In order to convert this product into a chromised prodnot having a relatively non-porous diffusion coating, as opposed to the substrate simply having chromium-containing alloy particles compacted on it, it is necessary to subject the substrate with its alloy particles compacted on it to a heat treatment to bring about the formation of a chromium diffusion layer on the surface of the substrate. This heat treatment will be carried out in the presence of a halide. If the substrate is subjected to the heat treatment in such a manner that its surfaces are open to the atmosphere of the furnace in which the heat treatment is carried out it will be possible simply to introduce the halide as a gas into the furnace. For example this is described in US. Pats. Nos. 3,589,927, 3,312,546 and 3,340,054 which describe different processes for carrying out the chromising of steel strip by carrying out the heat treatment stage on strip in the form of an open coil. In such a process the halide employed is normally a hydrogen halide, commonly hydrogen chloride.
However, it is often more convenient to be able to place adjacent surfaces of the substrate in contact during the heat treatment, for example in the form of a close coil or stack since this reduces labour costs and also permits a greater amount of substrate to be heat treated at any one scribed, we have found that there is a tendency for them to result in formation of a final diffusion coating in which part'of theicouting is continuous but is surmounted by a region which is porous. For some applications this may be tolerated. However, for many applications it may not.
We believed that such porosity is a result of the aluminium and/or silicon readily forming oxides at'temperatures below the temperature used to bring about chromising which are not reducible at the temperatures used for chromising. This may result inthe formation of an'inert oxide film in the surface layer and so cause porosity.
We'have now found that we may obtain satisfactory non-porous chromium diffusion coatings on ferrous'metal substrates by a compaction chromising process when aluminium and/0r silicon are present in the chromiumcontaining layer, if we employ as the halide one which is anhydrous and will react with the additive element during the heat treatment stage to form its halide. Such halides will hereinafter be referred to as anhydrous reactive halides.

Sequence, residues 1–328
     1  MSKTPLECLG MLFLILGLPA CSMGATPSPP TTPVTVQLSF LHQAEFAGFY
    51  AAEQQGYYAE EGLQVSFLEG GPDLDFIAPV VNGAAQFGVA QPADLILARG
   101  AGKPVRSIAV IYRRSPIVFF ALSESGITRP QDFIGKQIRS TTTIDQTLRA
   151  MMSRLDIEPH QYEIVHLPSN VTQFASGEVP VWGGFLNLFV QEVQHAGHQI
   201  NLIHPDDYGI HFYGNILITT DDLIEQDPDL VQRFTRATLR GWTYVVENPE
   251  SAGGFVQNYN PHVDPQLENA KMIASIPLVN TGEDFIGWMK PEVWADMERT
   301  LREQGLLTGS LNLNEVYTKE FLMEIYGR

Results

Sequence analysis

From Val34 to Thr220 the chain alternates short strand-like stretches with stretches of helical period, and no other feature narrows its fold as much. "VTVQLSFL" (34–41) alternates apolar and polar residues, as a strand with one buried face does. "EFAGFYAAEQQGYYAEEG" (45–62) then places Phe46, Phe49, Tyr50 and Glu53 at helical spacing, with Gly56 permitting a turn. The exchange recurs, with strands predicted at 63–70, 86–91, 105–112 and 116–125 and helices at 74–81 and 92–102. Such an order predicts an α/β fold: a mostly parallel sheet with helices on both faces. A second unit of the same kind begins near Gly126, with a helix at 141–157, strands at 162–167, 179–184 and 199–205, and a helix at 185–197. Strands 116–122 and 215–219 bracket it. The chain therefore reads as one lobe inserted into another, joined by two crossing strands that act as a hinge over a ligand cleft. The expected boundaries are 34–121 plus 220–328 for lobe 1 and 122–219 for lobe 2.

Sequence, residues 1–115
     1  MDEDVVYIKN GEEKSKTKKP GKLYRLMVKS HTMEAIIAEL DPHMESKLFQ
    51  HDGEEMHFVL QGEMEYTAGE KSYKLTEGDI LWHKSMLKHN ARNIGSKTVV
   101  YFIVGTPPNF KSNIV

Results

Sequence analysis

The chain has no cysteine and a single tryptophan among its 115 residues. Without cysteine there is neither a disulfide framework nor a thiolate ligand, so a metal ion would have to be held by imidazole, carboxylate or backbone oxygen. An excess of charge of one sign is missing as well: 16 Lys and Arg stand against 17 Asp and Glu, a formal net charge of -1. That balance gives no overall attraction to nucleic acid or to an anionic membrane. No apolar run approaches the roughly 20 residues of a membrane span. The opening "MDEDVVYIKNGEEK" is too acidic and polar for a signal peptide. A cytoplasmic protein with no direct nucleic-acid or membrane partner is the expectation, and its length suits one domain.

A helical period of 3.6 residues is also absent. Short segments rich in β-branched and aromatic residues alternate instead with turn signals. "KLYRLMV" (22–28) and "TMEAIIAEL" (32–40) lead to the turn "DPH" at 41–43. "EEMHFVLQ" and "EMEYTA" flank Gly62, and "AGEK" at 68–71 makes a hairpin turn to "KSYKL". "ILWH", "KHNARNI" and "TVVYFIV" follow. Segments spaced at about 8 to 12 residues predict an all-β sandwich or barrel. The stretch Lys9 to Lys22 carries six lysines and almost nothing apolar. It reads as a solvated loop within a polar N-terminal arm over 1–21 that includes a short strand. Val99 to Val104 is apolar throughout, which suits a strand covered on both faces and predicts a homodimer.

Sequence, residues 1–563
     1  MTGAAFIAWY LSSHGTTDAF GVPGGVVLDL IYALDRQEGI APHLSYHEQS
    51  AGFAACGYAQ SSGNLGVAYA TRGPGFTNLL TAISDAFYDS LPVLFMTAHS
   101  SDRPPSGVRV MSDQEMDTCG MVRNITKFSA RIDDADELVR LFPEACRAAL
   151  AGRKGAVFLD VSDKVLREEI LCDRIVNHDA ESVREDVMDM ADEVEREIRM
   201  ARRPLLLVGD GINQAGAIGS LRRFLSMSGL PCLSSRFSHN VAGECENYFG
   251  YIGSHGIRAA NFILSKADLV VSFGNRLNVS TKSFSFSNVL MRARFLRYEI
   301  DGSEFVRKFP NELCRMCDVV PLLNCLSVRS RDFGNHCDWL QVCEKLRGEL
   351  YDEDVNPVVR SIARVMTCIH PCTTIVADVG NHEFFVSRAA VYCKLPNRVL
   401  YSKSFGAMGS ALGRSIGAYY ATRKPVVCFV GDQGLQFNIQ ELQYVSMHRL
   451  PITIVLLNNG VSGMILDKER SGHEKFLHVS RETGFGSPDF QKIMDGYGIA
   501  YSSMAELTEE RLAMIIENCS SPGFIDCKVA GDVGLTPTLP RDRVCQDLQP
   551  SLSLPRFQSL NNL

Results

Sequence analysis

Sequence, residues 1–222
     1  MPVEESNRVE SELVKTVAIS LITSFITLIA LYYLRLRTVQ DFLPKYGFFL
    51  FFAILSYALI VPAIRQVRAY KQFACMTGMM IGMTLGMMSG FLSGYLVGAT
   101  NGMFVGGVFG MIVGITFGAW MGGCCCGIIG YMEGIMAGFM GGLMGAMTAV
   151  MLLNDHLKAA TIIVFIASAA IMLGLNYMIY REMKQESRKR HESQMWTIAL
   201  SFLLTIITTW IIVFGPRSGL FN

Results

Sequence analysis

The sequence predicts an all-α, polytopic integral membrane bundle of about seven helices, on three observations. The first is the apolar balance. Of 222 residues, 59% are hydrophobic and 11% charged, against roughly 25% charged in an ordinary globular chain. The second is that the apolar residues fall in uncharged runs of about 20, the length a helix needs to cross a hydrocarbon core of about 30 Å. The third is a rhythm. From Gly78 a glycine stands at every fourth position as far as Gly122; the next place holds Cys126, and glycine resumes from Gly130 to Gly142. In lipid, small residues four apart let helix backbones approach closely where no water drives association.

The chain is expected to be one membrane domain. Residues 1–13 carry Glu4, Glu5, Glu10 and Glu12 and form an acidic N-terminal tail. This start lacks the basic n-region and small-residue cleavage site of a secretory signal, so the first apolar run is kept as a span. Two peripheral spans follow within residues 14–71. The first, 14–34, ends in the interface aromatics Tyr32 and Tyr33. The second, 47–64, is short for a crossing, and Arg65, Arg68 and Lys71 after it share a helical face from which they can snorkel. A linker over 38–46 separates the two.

While the scope of our invention is in no way limited by any particulartheory we believe that anhydrous reactive halides are successful in the presence of aluminium and/or silicon whilst hydrated ones are less so because water of crystallisation of the hydrated compounds becomes released during the heat treatment and reacts with the aluminium or silicon to form an oxide or oxyhalide.
We have also surprisingly found that certain anhydrous halides which would not be expected to react particularly well with iron to form ferrous halides as is required for the process described in US. Pat. No. 3,585,068 are especially suited for use in the present invention. Among these are the alkali metal halides. It may be, although again we do not intend to limit ourselves to this theory, that the halide of the aluminium or silicon acts as an intermediate and reacts in its turn with iron to form ferrous halide.
From a practical point of view the anhydrous reactive halides for use in the present process fall into two classes, namely those which must be applied to the ferrous metal substrate, bearing a chromium-containing layer, in a dry form; suitably a powder and those which may be applied either as a solution or in dry form. The latter class consists of water soluble halides which form anhydrous halide coating on the substrate when dried.
Anhydrous reactive halides which cannot be employed in a solution may be applied to the ferrous metal substrate onto which a chromium-containing layer has been compacted in cases where the subsequent treatment of the substrate is such that the powder does not become detached during handling. Such halides include anhydrous aluminium, manganous, nickel and cobalt fluoride and anhydrous manganous, nickel and cobalt chlorides, but are preferably anhydrous aluminium fluoride and anhydrous manganous chloride.
Halides which do not have to be employed in dry form are normally applied to the substrate by dipping this into a solution of the halide and then drying it, for example,
by an infra-red drier. Halides having no hydrated form which are particularly suited to application in this manner are the alkali metal halides.
For simplicity of application and storage it is normally preferred to employ halides which do not need to be used in dry form.
Anhydrous reactive halides for use in the present invention are normally applied direct to the substrate as powders or solutions since this permits the substrate to be treated to be arranged for the heat treatment stage having adjacent surfaces in contact, for example, in the case of steel strip as a closed coil. It is, however, possible, if the substrate is to be heated in an arrangement wherein there is spacing between adjacent surfaces, to introduce a halide which is volatile at a temperature reached during the heat treatment directly to the furnace. For example aluminium trichloride may be introduced directly into the furnace rather than be applied to the substrate.